After witnessing the very real horrors of at-home abortions and seeing too many women die trying to rid themselves of unwanted pregnancies, Dr. Manzano returned to her home province of Chubut to take the matter of abortion access into her own hands. She now chooses to interpret the law in her own way and offers free abortions—because health care in Argentina is free—at the hospital that employs her in Patagonia, which draws hundreds of women who often embark on long pilgrimages to obtain her services. Manzano, today in her mid-50s, gained local notoriety with her first abortion patient: a 15-year-old girl who had been raped. None of her colleagues wanted to step up to the plate, so she went ahead and performed the procedure herself. And she hasn’t stopped since, using broad definitions of what constitutes “a risk to the mother’s health” to act within the confines of Argentine law.
The procedures Dr. Manzano performs fall within a grey area between legal and black market. Abortion is still illegal, but according to provincial legislation where Manzano practices, it is not punishable by law since she has deemed every pregnancy she’s ended “a risk to the mother’s mental health.” While this loophole has so far kept Manzano in the clear, many of her colleagues refuse to follow suit for fear of being shunned by their more conservative peers. But Dr. Manzano simply doesn’t care about her social standing within the medical community. “I’m proud to offer this service,” she says. “I even have a poster up in my office at the hospital that reads, ‘Here we provide safe and legal abortions.’”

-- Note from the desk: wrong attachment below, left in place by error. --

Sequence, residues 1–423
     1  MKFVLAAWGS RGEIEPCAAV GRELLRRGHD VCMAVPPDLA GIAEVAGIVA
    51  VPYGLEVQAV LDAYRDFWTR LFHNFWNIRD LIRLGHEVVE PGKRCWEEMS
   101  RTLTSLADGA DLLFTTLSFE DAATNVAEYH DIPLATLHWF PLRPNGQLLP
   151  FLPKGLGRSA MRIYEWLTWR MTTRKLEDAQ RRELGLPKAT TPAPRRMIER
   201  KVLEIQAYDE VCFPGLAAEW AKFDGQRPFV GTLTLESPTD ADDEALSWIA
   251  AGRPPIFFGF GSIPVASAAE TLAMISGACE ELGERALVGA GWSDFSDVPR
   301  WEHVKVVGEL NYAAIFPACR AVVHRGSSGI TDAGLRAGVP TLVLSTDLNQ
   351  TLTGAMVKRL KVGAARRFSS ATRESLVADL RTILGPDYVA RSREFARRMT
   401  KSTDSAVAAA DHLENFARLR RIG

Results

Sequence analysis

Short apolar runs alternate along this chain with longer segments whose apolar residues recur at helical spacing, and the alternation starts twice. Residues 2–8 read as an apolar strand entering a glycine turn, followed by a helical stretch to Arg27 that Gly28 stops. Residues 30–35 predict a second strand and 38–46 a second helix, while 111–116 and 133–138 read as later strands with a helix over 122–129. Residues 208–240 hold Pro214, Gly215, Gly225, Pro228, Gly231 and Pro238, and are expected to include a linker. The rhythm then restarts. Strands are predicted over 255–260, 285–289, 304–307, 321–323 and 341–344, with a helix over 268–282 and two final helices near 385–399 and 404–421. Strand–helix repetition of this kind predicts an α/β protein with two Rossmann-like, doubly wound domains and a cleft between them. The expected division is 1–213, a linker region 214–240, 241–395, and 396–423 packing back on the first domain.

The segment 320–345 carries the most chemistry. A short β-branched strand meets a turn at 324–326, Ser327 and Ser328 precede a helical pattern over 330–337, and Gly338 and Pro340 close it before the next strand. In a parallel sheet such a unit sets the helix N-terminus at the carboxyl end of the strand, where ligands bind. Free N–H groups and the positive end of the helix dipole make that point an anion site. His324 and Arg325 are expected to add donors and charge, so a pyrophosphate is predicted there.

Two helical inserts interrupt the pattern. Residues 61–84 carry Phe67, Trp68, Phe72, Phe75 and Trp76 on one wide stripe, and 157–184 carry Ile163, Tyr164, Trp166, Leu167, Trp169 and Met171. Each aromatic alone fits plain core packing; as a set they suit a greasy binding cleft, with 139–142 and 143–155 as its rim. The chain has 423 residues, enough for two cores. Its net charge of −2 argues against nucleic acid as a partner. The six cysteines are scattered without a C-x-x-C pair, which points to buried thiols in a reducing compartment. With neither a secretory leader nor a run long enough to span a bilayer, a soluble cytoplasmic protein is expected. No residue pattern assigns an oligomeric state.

Small private clinics also stretch or break the law in the interest of the greater good, such as the one run by Doctor German Cardoso in Tandil, in the province of Buenos Aires. “I employ the latest procedures and have trained extensively with doctors abroad,” he proudly explains. “This is not always the case with illicit abortion clinics.” Dr. Cardoso, 58, obviously takes his job seriously. He became a surgeon in 1984. But he didn’t get into the abortion business until 2000, when a nurse from a neighboring town came to him begging him to perform an abortion on her. A single mother with several small children, she could not have another baby. He agreed, and bolstered by word of mouth, he became his region’s leading abortion provider.